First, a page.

public function Bar($args) { print$args . " " . $this->value . "<br>"; } } class HelloController extends Base { public function World($args)
{
$this->value = 10; print$args . " " . $this->value . "<br>"; } }  Now, if you call Hello::World("Hello World") //Hello World 10 Foo::Bar("Foo Bar") //Foo Bar 1 //If Foo and Base would be static, whitout the Bootstrap shell, you would see "Foo Bar 10"  What do you think about that solution? Am I hunting a mouse with a shotgun? Or maybe there are better solutions, for this scenario? I'd appreciate costructive critics!! - Static classes tend to quickly move you in the exact opposite direction as OOP. I have a feeling that there's a much better way to accomplish what you're doing, but after reading your post 3 times, I'm not quite sure I understand what it is that you are doing. Why do you need to wrap some objects in a static 'shell'? Is it for convenience? Abusing them as globals? Or what? It seems like dependency injection is the right approach here, even if it is less convenient. (Once again though, maybe I'm missing something -- not sure I quite get what the end goal is.) – Corbin Jan 7 '13 at 21:27 Read my post below, please. – maximkott Jan 7 '13 at 23:10 Rule of thumb: If it has mutable state it shouldn't be static – CodesInChaos Sep 6 '13 at 9:24 1 Answer I don't know if I'm just not understanding your situation properly or what, but I don't think converting three classes to static for one static method is really the right thing to do here. Why would you need to call System::DoStuff() statically? Why not just $system->DoStuff()? I would refactor the one method before I refactored the three classes. At most I would convert your base class to an abstract class to prevent its instantiation and I would define the value for the $value property in each individual class. abstract class Base { public$value;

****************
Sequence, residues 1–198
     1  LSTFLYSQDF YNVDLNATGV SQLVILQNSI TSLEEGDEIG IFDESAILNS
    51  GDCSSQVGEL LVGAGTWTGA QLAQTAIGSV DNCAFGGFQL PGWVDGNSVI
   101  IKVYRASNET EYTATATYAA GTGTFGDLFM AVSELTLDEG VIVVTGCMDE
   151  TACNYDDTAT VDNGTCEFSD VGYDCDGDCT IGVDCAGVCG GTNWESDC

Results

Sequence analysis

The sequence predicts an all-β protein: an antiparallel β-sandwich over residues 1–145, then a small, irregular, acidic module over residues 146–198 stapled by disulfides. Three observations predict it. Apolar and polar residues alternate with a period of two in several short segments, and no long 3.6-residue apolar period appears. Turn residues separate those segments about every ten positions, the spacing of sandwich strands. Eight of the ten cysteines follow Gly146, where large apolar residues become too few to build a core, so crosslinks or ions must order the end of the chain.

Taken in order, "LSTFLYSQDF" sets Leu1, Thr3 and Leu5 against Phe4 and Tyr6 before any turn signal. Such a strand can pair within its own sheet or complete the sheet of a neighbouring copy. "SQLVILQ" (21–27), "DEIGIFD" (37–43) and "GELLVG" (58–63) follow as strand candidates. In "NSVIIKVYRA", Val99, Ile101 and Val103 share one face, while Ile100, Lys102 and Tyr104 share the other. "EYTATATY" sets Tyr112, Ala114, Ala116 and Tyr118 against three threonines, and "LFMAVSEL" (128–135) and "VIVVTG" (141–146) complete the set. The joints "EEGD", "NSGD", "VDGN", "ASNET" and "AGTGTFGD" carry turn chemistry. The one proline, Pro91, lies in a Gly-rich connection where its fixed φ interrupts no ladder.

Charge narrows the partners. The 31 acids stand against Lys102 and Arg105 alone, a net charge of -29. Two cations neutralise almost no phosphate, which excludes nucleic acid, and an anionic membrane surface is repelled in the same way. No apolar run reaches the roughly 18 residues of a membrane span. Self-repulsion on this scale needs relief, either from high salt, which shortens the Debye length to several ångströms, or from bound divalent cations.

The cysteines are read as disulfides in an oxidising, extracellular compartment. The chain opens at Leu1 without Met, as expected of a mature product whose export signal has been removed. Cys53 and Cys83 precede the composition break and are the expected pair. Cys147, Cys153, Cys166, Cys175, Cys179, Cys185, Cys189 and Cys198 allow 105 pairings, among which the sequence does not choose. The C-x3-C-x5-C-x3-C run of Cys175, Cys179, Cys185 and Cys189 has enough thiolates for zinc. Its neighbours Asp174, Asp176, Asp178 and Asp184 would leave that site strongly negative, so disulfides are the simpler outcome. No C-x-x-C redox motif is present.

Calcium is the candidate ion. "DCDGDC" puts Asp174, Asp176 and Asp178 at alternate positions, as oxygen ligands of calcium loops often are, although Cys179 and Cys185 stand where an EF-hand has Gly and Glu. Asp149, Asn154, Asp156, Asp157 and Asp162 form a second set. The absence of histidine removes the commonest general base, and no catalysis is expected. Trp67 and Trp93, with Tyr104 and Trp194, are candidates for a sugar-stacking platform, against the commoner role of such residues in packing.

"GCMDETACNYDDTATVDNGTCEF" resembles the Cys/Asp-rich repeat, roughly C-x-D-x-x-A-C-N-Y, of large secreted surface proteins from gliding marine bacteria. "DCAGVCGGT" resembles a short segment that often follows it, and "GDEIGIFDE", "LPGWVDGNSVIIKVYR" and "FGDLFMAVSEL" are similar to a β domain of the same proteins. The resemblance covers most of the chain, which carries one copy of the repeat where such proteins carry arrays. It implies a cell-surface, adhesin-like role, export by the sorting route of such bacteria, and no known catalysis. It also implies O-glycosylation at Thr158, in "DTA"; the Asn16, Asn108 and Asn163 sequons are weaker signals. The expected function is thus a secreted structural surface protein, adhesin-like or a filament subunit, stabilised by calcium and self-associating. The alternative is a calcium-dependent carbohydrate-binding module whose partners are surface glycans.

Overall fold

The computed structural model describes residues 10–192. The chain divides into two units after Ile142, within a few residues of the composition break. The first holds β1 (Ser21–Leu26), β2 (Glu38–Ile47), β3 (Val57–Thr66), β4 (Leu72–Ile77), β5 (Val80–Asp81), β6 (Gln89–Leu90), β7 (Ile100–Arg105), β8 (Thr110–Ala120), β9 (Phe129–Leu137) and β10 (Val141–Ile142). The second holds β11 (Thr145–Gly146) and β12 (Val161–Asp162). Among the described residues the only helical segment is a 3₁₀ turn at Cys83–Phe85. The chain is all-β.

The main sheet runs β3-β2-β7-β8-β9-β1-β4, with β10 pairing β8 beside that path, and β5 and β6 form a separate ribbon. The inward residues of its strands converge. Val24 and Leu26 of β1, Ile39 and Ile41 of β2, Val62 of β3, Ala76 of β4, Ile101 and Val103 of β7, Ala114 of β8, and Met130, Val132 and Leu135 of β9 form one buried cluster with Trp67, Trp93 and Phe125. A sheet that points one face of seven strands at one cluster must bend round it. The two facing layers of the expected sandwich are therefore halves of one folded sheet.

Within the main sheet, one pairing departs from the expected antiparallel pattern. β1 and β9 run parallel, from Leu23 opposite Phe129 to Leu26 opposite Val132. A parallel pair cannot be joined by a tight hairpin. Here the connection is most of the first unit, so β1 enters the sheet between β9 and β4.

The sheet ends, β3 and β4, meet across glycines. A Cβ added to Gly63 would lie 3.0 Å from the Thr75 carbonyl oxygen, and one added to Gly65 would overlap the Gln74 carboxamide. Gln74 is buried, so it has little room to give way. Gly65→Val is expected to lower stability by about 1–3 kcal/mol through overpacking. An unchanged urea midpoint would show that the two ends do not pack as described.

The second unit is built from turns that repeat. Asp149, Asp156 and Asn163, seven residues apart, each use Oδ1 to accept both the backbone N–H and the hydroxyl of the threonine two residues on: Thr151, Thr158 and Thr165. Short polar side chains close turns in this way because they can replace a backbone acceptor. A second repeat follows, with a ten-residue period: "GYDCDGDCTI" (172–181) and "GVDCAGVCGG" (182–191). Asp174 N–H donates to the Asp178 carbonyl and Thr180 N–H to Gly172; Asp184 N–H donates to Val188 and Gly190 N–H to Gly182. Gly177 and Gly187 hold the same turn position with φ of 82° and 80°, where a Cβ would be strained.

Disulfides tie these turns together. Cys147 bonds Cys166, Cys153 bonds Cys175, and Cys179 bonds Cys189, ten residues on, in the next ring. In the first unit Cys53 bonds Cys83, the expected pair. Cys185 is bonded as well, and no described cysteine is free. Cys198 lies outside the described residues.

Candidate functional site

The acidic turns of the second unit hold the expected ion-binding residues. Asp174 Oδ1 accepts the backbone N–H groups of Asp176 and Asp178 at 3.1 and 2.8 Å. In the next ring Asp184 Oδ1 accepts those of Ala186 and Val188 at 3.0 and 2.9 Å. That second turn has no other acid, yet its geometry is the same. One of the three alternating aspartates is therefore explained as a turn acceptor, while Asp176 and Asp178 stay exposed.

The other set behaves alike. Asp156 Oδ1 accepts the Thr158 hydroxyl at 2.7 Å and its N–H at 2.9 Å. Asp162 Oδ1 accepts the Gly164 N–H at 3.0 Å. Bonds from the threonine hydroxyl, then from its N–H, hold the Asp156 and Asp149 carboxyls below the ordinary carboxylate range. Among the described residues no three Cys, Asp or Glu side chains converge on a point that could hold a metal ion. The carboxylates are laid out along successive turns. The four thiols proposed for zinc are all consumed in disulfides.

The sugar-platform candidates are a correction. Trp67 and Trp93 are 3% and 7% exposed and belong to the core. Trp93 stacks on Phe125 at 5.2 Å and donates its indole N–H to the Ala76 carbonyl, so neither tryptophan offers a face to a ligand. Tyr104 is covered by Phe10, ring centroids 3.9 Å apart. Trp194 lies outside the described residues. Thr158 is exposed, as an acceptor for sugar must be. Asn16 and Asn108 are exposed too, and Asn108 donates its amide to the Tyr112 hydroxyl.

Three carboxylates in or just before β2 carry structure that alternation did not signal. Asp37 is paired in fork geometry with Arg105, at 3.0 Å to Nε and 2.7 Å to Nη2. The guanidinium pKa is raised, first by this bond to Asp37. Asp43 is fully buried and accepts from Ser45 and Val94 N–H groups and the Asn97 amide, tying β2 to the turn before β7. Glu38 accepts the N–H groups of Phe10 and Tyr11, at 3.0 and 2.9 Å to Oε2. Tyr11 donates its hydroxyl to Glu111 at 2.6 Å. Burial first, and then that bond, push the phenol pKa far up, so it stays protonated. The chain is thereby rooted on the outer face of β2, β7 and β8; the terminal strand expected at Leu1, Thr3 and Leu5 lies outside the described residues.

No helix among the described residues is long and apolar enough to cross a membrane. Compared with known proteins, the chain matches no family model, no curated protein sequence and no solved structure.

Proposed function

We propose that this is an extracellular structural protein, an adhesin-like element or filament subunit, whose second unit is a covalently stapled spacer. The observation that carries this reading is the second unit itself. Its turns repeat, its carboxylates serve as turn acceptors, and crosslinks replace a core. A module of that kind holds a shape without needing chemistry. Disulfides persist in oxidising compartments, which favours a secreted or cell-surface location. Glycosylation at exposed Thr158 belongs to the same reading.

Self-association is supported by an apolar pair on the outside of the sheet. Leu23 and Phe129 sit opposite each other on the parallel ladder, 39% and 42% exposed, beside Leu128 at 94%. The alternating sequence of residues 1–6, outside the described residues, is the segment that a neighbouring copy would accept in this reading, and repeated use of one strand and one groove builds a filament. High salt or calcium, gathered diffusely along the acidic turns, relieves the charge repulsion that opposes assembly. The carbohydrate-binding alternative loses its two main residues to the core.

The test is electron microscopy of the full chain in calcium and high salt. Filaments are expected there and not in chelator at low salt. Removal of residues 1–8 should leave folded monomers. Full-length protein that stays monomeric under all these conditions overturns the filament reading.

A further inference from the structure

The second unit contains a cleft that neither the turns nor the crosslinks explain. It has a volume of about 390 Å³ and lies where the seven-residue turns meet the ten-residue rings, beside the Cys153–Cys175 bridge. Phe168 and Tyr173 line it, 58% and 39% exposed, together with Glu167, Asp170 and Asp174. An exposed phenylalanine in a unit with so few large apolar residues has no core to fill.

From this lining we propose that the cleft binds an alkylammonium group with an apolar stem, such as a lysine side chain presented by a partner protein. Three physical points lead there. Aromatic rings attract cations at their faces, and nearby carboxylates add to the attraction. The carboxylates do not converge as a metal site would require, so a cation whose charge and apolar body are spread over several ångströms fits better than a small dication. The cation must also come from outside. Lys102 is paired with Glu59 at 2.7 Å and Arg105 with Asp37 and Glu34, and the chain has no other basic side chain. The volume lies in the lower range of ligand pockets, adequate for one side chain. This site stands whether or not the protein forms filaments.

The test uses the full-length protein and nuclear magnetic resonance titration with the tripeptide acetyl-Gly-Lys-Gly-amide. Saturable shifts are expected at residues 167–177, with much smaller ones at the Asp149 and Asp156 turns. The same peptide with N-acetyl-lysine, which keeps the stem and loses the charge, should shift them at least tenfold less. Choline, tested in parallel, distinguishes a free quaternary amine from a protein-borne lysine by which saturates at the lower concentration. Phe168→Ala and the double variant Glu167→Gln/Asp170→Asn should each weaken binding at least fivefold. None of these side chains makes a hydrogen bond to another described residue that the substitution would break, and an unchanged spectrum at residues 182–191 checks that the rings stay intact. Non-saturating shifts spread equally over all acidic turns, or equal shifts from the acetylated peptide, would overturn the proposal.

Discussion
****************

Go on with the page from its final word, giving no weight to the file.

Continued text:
}

class FooController extends Base {
public $value = 1; //etc... } class HelloController extends Base { public$value = 10;

//etc...
}


/** List of classes I'll have to load */